Facilities are sharing data in a variety of formats including HL7 discrete data and Care Summaries or Continuity of Care Documents (CCDs) transported via XDS.b. These include a minimum data set of demographic information, allergies, medications, diagnosis and procedures, diagnostic test results including labs and immunizations. Initially, KHIN will display the HL7 data as discrete elements and the care summaries as a single document similar to a PDF of the relevant information related to the specific patient and the encounter. However before the end of the year KHIN's technology vendor, ICA has indicated that they have developed the functionality to deconstruct the CCD and populate KHIN with discrete data from the CCD.
I wish to thank everyone who has worked so hard to help Kansas get to this point. It is a very exciting time. If you would like more information, please contact Laura McCrary Ed.D at firstname.lastname@example.org.
In May 2011 the Kansas Legislature passed the Kansas Health Information Technology and Exchange Act referred to as K-HITE. This act established Kansas as an opt-out state. This means that all Kansas consumers have their health data in the exchange unless they take proactive action to opt themselves out of the exchange.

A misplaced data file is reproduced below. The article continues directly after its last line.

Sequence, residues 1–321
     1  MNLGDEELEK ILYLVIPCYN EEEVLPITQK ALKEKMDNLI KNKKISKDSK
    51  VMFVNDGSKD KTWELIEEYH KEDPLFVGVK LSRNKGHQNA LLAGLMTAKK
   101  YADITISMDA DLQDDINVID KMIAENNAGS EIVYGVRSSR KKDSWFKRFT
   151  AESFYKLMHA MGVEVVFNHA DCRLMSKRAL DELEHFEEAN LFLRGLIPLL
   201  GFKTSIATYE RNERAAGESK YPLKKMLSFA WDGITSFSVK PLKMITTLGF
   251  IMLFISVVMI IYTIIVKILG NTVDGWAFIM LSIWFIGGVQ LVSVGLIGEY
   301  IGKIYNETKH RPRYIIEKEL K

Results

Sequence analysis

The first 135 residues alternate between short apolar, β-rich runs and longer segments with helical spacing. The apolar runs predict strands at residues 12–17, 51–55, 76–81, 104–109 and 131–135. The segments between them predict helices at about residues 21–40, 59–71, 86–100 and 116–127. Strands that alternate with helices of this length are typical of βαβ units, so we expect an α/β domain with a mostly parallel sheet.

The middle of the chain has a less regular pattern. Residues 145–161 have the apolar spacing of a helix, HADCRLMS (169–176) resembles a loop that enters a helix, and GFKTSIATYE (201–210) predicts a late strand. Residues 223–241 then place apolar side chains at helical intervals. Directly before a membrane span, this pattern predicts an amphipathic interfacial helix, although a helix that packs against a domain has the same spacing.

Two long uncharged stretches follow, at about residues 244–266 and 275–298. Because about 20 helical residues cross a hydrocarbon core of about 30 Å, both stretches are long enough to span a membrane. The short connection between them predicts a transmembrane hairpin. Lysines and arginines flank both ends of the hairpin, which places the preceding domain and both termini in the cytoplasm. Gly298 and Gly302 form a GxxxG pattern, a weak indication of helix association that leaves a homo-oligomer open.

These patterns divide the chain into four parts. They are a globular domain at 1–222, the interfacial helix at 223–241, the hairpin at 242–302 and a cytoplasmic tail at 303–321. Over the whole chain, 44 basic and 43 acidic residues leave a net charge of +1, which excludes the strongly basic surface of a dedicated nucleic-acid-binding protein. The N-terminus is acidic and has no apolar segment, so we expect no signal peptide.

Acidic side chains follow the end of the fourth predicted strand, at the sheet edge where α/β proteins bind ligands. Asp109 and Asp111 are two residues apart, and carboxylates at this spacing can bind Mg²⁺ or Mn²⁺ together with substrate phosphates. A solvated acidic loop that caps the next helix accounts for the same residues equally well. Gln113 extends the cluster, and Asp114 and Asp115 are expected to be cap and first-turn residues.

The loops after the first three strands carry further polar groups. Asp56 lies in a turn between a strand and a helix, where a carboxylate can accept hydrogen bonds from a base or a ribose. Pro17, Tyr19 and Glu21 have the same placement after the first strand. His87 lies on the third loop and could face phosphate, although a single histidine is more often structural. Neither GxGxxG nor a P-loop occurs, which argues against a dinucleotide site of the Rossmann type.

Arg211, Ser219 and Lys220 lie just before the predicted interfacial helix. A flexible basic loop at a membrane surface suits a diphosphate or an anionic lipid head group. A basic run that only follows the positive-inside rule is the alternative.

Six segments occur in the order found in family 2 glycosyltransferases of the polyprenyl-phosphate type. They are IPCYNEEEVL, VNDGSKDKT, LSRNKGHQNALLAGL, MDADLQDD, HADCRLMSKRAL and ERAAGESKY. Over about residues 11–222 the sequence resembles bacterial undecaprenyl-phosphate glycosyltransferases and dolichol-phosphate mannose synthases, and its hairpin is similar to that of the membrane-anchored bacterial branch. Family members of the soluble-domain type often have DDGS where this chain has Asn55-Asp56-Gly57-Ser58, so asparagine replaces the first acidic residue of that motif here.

K-HITE provided additional protections for consumers by stipulating that KHIE must approve the organizations providing health information exchange. If an organization was not approved by KHIE then a facility working with a non-approved provider would be required to revert to an opt-in approach; meaning patients would have to "sign themselves into the exchange."
There is one federal exception to the Kansas opt-out rule and that is for patients receiving substance abuse treatment. Under federal law they are required to "opt in" to exchange by providing written consent of their willingness to share their health information. The Office of National Coordinator (ONC) for health information exchange has recently offered additional guidance to the states to ensure that patients can make "meaningful decisions" regarding the inclusion/exclusion of their health data in the exchange.